As a film on the big screen, The Basketball Diaries is without a question a cult classic. However, I question its validity as a homage to author and poet, Jim Carroll (1949-2009), who wrote the autobiography from which the film was based on.
The original autobiography was compiled from a set of diaries Carroll wrote from the age of twelve to sixteen and, much like the film, follow his daily life as a growing teenager with a penchant for basketball, new sexual experiences and a variety of different drugs.
In Kalvert’s interpretation Jim is played by a then young budding actor Leonardo DiCaprio, who does an incredible job delivering the lines of an undeniably complex character. In one moment DiCaprio is writing poetry on the side of a basketball court while the next he is begging his mother for cash to cure him of his withdrawal pains, a role which really displayed the 19-year-old’s talent as a respectable actor.
Although often autobiographies are written with the audience in mind, solely including interesting events in the writer’s life, Carroll’s autobiography was heavily based on diary entries, which outlined his day-to-day life, which would include a series of interesting and not-so-interesting events, much like our own everyday lives. Therefore, while watching the film, which is conclusively eventful, I wondered how loosely based the film was on the autobiography.
For instance, during the film, a member of Jim’s friendship group, Neutron (Patrick McGaw), abandons the group to pursue his interest in basketball, rather than narcotics. His pursuit is later seen as successful, when Jim and his friend Mickey (Mark Wahlberg) are sitting hopelessly at a bar watching him to TV. This coincidence is fictitious and solely created for the audience.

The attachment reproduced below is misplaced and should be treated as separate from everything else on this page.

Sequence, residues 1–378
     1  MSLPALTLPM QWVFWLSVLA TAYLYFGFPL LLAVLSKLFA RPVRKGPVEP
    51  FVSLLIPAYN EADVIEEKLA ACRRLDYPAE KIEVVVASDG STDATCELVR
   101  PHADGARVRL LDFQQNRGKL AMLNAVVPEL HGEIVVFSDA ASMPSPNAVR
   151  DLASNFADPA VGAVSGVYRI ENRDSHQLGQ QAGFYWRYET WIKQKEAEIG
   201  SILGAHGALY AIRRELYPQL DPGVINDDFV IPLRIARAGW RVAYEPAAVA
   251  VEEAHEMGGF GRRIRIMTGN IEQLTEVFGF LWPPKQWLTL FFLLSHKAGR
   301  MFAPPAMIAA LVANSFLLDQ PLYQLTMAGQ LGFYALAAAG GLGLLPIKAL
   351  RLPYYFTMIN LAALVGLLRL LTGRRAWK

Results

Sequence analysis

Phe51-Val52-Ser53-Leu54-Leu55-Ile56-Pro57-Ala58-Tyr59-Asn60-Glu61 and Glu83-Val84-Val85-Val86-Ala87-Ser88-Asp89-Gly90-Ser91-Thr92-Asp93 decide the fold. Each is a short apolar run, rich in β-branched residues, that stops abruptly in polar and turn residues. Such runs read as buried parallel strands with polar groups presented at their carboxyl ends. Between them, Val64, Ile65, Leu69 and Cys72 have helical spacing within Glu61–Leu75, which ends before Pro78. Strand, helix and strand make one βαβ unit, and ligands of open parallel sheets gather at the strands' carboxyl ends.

On another occasion, Jim is left unconscious in the snow, soon after being beat up by a man in a pool house. An old neighbourhood friend, Reggie (Ernie Hudson), rescues him by taking him to his apartment, and later forces him to go cold turkey. However, in Carroll’s autobiography, there is no character like Reggie. He is a purely fictional created for the film. However, this is where the film redeems itself. After reading Jim’s diary, Reggie compliments him on his poetry but later says: “I was a little hurt I wasn’t mentioned.” This is where I believe Kalvert acknowledges the disconnection between the film and the autobiography.
Other than the differences, I believe it’s a great watch, and what it doesn’t fail to do is glamorize the intake of lethal drugs, which I believe can be the case when narcotics are the primary subject in these sorts of films.
The Basketball Diaries
director SCOTT KALVERT
director of photography DAVID PHILLIPS
cast LEONARDO DICAPRIO, BRUNO KIRBY, LORRAINE BRACCO, ERNIE HUDSON and PATRICK MCGAW
words PRIYESH PATEL
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